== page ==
Grete Waitz is a legend and I always think of her when I hear people complain that they are running a race but they didn’t train well. (Often it is me LOL)
She had never run farther than 12 miles before her first marathon in New York in 1978. Not only did she finish the race, but she won it – and set a course record. At age 25.
Most unprepared runners aren’t so lucky.
So if you are signed up to run a big race and have not adequately trained for it, here are some things you can do:
- Consider your alternatives.
Some races allow runners to switch from a marathon to a half-marathon, a half to a 5K, or to enter a relay with friends rather than completing the entire distance alone. You can also try contacting the race director to see if you can transfer your bib to next year’s race. Volunteering to give out water or simply cheering are also good ways to be part of the race without risking injury.
But if you’re committed to running the entire race. All hope is not lost. You just have to approach the race with the strategy and mindset of a champion – even if your training was anything but.
- Prepare Your Body
Sometimes life or your body gets in the way of your training.
So two weeks prior to the race, do not do anything crazy. The last thing you want to do in the final two weeks is squeeze in those long runs because you think that you will be better prepared for the race.
The best thing you can do is just get a few short runs in to keep your legs fresh.
In other words, don’t cram in those miles.
- Prepare Your Mind
It’s even more important to manage your expectations when entering a race with little training.
It is very unlikely that if you didn’t train for the race that you will achieve a PR or BQ.
Remember to celebrate FINISH LINES not FINISH TIMES.
- Race Strategically
Once the gun goes off, hold yourself back. Pace yourself, take walk breaks and even take time periodically to stop, stretch and massage any muscles that are getting tense.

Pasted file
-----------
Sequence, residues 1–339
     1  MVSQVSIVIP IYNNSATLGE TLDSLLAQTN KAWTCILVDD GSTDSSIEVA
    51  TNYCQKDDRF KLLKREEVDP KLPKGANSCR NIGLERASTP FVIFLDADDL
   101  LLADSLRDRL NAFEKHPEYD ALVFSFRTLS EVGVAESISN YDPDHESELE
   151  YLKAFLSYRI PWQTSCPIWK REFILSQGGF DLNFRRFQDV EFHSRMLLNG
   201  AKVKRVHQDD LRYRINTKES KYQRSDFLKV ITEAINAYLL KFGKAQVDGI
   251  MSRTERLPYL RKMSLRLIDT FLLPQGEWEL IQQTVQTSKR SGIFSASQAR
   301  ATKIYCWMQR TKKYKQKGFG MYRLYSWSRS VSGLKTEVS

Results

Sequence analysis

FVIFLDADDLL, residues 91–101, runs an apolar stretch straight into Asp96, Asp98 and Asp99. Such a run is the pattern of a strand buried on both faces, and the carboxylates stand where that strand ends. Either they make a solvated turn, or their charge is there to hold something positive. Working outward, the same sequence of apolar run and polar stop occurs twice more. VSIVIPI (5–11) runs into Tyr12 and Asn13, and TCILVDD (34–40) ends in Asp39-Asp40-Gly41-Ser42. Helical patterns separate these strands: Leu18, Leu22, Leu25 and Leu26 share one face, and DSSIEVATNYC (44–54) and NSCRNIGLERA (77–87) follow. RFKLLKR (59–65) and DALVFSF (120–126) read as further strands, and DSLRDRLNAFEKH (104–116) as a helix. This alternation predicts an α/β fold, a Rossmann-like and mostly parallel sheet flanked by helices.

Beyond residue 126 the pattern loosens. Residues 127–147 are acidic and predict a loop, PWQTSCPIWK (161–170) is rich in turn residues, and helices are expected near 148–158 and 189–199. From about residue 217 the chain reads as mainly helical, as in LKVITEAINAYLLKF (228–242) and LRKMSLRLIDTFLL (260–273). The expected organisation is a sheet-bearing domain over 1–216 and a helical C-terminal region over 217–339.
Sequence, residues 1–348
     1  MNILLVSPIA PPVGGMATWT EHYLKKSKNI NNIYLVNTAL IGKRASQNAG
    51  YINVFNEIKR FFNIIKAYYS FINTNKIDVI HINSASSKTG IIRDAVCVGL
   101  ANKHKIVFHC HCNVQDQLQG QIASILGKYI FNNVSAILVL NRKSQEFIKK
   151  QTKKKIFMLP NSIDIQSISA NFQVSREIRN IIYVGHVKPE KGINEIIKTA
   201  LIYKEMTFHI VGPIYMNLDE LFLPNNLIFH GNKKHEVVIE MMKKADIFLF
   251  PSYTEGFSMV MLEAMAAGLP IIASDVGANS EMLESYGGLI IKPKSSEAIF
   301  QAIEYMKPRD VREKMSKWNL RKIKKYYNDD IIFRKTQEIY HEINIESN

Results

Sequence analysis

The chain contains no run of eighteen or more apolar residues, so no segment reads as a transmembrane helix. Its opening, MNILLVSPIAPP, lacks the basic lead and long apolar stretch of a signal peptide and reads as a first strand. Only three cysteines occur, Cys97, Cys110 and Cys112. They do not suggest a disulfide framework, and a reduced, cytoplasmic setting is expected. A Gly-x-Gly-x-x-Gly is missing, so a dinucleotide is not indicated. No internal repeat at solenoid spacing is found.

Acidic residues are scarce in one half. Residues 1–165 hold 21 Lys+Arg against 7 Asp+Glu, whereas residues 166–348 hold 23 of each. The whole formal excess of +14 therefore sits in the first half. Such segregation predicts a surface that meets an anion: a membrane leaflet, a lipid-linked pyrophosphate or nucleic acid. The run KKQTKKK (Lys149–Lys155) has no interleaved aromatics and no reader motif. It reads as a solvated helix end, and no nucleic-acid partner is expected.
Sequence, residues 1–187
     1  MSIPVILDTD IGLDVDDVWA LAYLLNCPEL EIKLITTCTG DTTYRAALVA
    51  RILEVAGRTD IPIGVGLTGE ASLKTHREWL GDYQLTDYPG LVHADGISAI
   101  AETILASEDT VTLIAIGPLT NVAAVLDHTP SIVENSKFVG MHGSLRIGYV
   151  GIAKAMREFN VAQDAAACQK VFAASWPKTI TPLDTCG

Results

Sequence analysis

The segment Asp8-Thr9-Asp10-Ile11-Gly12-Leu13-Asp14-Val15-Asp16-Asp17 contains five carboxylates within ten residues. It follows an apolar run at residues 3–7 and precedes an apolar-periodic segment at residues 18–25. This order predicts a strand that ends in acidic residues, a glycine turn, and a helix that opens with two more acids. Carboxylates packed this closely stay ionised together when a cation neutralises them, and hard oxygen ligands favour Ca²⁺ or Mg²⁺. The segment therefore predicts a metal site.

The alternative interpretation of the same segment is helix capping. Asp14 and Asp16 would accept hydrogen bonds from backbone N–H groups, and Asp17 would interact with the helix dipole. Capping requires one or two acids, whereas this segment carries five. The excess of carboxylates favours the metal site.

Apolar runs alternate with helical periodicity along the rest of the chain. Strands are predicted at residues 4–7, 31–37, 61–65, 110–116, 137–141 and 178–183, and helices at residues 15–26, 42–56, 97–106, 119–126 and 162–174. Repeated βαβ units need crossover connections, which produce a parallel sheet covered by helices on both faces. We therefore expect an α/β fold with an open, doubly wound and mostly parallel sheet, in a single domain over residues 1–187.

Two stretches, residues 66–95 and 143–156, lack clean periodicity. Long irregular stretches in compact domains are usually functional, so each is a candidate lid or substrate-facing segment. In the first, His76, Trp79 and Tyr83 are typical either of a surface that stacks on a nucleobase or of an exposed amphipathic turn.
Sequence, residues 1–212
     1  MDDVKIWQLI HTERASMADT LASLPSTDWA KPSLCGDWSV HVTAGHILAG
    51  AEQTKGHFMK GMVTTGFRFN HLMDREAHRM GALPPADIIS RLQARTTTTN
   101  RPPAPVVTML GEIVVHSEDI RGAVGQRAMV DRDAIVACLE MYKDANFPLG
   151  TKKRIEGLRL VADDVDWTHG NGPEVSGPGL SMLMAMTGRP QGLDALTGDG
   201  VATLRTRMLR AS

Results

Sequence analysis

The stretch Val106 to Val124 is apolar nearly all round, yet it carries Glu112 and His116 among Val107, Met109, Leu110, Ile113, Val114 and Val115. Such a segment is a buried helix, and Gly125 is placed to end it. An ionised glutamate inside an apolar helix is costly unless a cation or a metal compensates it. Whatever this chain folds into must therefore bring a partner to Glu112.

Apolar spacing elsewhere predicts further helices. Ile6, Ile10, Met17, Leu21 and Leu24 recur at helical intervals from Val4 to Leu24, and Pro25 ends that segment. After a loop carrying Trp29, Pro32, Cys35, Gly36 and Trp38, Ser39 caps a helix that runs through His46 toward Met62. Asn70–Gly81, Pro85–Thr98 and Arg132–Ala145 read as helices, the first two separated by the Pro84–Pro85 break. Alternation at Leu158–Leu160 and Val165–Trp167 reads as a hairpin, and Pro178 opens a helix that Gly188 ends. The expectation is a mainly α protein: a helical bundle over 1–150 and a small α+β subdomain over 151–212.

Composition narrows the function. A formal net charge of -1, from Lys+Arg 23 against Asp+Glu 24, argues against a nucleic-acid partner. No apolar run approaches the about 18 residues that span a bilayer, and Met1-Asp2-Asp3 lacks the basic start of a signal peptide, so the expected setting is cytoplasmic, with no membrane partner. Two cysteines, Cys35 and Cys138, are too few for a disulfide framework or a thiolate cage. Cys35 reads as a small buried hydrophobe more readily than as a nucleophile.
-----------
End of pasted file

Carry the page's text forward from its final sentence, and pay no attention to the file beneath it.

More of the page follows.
You can also play mind games with yourself. Think about the race as smaller segments – a half marathon could be broken into about four 5Ks races, for example.
Another hint is to “Run the mile you’re in” rather than thinking about all the miles you have YET to run and how hard it will be to finish the race distance.
Try to maintain positivity, not panic. This is the real trick to finishing a race when you’re under-trained.
I’m certainly not an expert but something special happens on race day. You have support, you have crowds, you have water stops, and more.
You will be mentally fired up in a way that you cannot be for any training run – that’s why we do races. You have to have faith in race day magic.
Believe me, it will happen.
- Have fun!
If you are under-trained for race, the race will most likely feel tough but it can still be enjoyable.
Often, the greatest joy comes from the toughest challenges.
As they say: “Pain is temporary. Pride lasts forever”
I say “GO FOR IT!”
** None of the above applies to racing with a serious injury or against Doctor’s orders!!!
Since today is Tuesday, I’m linking up with these ladies.
Happy Running! Have you run races under-trained? If so, how did the race turn out? Any other advice to add? Please share.